- Blob storage — used for unstructured object data. A blob can be any sort of binary or text data, including an image or video file, application files, or documents.
- Table storage — suitable for structured datasets, implemented as a NoSQL key-value data store.
- Queue storage — offers dependable messaging for workflow processing and communication between parts of cloud services.
OpenStack provides the following storage options:
- Object Storage — the OpenStack Object Storage service (Swift) provides an Amazon S3-compatible API and a native OpenStack API. It offers resiliency through data replication, and can deal with petabytes of data.
- Block Storage — the OpenStack Block Storage service (Cinder) offers persistent block storage for compute instances. The Block Storage service manages the complete lifecycle of block storage devices, from the development and attachment of volumes to instances, through to their delivery.
- Shared File Systems — the Shared File Systems service (Manila) manages shared file systems in a multi-tenant cloud environment. With the Shared File System service, your organization can create a remote file system, mount the file system on compute instances, and write and read data from the instances to the file system.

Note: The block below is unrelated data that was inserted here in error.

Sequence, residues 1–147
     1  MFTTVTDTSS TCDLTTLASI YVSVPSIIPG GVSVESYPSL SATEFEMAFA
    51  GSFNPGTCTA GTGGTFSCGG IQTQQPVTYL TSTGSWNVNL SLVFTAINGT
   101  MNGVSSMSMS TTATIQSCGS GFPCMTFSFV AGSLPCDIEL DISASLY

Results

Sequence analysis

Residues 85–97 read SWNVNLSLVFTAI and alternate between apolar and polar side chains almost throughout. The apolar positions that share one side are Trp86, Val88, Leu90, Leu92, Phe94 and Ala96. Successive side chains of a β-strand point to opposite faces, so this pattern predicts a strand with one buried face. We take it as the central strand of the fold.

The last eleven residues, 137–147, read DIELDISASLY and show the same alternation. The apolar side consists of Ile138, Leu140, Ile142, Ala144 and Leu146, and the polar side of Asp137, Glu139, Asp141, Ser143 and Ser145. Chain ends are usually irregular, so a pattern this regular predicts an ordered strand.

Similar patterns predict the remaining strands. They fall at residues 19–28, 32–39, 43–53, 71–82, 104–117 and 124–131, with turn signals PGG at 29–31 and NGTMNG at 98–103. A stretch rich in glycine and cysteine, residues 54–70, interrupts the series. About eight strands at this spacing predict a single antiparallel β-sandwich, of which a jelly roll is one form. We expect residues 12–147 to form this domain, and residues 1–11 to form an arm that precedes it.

Azure Stack charges based on the cloud services used (see this comprehensive guide to Azure pricing). Typically, these fees are less than what your organization would pay on the Azure cloud, because you are hosting the infrastructure on-premises. But you are still charged for data egress, licensing (for Windows VMs and commercial databases), and other typical cloud costs. This means the total cost of ownership of Azure Stack is likely to be higher than OpenStack.
OpenStack is an open source platform, meaning it is free to download and use in its original form, and there are no ongoing fees for cloud services. Your organization can opt to deploy OpenStack using a managed solution or commercial distribution, and receive enterprise support. But even so, licensing and ongoing service fees will probably be lower in comparison to Azure Stack.
At the same time, OpenStack is a highly complex ecosystem of open source projects, and an OpenStack project is a major undertaking for any organization. Several developers would have to work for months to set up a large-scale OpenStack deployment. This is in contrast to the Azure Stack solution, which comes fully integrated out of the box.